DECENTRALIZATION AND JUNIOR LEADER EMPOWERMENT IS VITAL The stage was set.The 450-man strong 1st Battalion, 7th Cavalry commanded by LTC Harold G. Moore hit the ground at landing zone x-ray in the early morning hours of November 14, 1964.Before even half of the battalion could be dropped in, the landing zone was declared hot.
Unbeknown to LTC Moore, his battalion had just dropped right in on top of two full regiments of the People's Army of Vietnam.The PAVN, commanded by Gen Chu Huy Man, was a full 2000-man strong and dug in on their home turf.Both LTC Moore and Gen Man had the same orders to "find and kill the enemy."LTC Moore was surrounded and greatly outnumbered, but Moore had several key advantages.
Moore knew that decentralized operations and junior leader empowerment was essential to winning a battle and the events of LZ X-Ray and the "Lost Platoon" would prove Moore's doctrine correct. LTC Moore believed adamantly that every trooper in his outfit should know the duty of the soldier above him and Moore instilled this idea in his men from the very beginning of his command at the change of command ceremony.At the ceremony Moore told his company commanders and battalion staff, "No fat troops or officers.Decision-making will be decentralized:Push the power down.It pays off in wartime.Loyalty flows down as well"(20).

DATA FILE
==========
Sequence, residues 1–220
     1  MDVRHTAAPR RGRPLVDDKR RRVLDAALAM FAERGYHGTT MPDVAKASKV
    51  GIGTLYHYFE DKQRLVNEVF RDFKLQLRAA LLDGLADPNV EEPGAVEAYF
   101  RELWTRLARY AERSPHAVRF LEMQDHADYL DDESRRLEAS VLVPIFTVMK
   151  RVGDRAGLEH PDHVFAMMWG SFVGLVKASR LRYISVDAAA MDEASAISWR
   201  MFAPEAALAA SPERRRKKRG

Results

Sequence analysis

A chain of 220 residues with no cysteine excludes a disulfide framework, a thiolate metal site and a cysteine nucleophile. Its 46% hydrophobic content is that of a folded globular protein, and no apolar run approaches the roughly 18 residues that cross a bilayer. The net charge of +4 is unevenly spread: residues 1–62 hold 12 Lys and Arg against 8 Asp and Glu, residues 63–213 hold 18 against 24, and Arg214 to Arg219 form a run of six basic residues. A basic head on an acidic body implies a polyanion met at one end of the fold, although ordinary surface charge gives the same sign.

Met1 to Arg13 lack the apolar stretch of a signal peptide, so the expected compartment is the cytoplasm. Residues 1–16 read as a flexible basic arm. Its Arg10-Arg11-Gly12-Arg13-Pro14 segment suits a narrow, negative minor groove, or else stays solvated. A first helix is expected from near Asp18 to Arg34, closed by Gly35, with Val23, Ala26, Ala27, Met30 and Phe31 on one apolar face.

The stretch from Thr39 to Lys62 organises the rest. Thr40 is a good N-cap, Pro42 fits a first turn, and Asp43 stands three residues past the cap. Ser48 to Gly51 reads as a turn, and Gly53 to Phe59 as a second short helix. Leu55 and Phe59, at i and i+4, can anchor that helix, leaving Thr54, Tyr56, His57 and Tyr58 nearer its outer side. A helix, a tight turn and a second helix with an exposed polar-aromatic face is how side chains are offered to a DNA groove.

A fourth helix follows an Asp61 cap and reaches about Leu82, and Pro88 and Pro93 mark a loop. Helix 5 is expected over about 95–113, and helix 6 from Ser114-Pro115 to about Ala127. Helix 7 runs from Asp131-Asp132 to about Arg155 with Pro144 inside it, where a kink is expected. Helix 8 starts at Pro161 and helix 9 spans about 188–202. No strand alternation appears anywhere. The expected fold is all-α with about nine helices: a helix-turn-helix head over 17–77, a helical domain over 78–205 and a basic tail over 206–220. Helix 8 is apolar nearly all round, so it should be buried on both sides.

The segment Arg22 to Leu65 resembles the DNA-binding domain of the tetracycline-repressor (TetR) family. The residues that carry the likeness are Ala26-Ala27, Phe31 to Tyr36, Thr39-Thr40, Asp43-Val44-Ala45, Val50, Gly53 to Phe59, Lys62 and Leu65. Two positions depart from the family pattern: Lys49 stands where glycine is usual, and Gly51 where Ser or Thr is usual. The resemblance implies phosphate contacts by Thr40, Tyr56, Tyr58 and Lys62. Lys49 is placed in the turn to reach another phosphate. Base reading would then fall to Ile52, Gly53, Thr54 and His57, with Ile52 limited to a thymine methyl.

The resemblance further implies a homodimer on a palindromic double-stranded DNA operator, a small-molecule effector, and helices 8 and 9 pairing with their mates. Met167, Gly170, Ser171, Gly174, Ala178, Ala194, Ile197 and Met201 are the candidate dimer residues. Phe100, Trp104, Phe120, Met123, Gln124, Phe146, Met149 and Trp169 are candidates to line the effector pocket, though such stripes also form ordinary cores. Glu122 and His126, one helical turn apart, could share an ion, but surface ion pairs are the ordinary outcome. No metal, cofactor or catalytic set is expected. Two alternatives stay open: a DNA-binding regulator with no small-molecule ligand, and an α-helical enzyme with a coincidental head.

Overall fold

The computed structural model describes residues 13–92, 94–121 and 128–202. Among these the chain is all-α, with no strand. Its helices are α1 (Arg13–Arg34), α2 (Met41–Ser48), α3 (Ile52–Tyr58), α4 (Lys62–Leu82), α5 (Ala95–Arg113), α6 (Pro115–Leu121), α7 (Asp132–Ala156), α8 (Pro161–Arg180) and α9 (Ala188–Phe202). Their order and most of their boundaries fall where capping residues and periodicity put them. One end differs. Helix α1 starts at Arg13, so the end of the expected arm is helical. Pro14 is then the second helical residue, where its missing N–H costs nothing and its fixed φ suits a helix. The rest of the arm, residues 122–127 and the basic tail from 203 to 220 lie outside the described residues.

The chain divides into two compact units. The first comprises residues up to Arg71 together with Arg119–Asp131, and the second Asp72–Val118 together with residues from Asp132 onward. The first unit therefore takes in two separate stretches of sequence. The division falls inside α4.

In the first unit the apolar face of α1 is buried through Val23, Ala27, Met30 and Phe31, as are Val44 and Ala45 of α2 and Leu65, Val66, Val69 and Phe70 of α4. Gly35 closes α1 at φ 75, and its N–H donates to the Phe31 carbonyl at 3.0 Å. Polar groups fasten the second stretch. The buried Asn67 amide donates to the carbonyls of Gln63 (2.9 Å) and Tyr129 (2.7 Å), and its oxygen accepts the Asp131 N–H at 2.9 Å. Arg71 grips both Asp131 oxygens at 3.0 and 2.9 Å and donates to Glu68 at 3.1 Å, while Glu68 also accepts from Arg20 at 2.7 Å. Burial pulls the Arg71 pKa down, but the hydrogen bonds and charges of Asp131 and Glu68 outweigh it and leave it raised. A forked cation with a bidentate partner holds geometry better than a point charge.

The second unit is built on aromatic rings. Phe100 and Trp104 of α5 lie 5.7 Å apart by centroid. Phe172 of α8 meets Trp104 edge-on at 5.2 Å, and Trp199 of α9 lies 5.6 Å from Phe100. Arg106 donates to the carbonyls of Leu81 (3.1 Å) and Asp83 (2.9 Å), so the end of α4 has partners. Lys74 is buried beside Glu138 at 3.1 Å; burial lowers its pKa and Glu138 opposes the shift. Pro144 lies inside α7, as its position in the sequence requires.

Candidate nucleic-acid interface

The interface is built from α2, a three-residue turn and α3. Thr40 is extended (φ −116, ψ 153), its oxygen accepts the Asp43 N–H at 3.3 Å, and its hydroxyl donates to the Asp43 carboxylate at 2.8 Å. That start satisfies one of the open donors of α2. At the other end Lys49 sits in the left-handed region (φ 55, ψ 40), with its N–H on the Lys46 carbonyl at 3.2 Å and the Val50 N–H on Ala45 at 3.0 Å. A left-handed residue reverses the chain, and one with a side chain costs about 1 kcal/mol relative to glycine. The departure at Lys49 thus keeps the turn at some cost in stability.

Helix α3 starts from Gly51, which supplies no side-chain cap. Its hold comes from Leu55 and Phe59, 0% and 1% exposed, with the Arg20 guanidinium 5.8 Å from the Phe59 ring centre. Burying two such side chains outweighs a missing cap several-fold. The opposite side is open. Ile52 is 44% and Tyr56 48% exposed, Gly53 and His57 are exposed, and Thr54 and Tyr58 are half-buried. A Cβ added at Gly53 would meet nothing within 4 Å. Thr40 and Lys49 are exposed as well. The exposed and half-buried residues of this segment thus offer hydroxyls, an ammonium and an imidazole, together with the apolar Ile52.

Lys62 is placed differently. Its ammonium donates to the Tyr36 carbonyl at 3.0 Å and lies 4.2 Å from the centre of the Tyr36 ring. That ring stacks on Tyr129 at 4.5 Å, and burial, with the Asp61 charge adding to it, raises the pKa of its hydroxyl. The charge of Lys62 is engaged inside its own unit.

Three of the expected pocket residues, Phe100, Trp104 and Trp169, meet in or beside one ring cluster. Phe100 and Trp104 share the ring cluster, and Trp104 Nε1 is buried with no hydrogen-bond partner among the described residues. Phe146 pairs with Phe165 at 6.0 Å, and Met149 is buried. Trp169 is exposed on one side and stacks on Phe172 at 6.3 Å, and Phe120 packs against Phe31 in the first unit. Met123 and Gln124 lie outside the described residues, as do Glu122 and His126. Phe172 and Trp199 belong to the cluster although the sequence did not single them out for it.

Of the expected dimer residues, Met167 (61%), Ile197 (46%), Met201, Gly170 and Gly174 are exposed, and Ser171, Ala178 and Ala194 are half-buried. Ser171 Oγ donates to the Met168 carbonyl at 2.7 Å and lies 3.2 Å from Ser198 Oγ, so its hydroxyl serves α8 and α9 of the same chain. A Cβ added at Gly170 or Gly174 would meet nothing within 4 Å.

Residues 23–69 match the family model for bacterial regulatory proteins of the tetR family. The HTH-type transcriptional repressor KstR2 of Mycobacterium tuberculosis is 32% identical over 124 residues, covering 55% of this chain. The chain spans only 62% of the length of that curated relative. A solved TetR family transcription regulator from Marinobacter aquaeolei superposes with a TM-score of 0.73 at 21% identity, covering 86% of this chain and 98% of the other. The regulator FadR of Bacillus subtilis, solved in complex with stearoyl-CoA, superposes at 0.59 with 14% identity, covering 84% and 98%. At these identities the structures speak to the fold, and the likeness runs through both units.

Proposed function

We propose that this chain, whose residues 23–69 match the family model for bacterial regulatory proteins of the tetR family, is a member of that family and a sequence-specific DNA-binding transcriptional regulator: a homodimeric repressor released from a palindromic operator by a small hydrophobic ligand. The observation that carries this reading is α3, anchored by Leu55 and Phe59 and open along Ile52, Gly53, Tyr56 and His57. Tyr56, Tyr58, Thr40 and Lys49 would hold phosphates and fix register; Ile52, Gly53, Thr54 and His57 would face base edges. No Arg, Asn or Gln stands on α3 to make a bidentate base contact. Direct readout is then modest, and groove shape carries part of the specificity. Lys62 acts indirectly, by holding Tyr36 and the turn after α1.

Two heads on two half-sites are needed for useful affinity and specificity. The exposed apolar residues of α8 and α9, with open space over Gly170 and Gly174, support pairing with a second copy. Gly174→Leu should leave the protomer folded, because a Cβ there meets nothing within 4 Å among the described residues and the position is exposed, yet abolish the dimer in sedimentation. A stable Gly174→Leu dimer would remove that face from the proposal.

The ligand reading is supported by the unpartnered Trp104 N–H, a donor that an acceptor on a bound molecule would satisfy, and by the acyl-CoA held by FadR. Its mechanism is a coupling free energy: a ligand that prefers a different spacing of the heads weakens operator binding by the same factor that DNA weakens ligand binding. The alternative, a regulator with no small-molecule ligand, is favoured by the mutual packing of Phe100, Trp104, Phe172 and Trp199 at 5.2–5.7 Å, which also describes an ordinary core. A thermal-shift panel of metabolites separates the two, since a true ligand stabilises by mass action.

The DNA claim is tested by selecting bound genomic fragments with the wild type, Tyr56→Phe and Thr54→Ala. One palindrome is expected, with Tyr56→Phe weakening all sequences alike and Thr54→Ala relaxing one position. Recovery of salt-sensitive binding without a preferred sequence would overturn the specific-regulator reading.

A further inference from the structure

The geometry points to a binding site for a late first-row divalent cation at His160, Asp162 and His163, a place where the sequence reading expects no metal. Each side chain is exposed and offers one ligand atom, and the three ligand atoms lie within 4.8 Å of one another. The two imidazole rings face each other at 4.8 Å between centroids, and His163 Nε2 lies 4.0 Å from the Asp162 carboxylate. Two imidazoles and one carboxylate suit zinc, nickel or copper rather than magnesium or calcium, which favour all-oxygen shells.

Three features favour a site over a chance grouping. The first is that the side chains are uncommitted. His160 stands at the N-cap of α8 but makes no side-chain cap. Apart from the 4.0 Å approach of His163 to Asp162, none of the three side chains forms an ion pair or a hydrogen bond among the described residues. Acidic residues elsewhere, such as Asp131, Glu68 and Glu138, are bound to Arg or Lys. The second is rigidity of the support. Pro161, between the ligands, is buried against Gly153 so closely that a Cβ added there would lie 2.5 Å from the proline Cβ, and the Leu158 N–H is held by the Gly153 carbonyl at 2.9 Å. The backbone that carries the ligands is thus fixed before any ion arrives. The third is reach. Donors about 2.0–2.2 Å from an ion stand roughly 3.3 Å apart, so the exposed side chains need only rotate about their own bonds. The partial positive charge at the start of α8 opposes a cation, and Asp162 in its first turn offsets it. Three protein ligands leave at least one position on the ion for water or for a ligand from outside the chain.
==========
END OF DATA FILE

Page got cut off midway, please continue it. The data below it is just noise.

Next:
LTC Moore's goal for his battalion was to be the "best air assault infantry battalion in the world"(25).LTC Moore achieved this by spending most of the fourteen months before his battalion sailed to Vietnam in the field training.Moore insisted that decentralization and junior leader empowerment be introduced "at every level in this training"(26).Moore employed this concept by declaring a platoon leader dead and having his sergeant take over the platoon.Moore continued down the chain of command by sometimes declaring.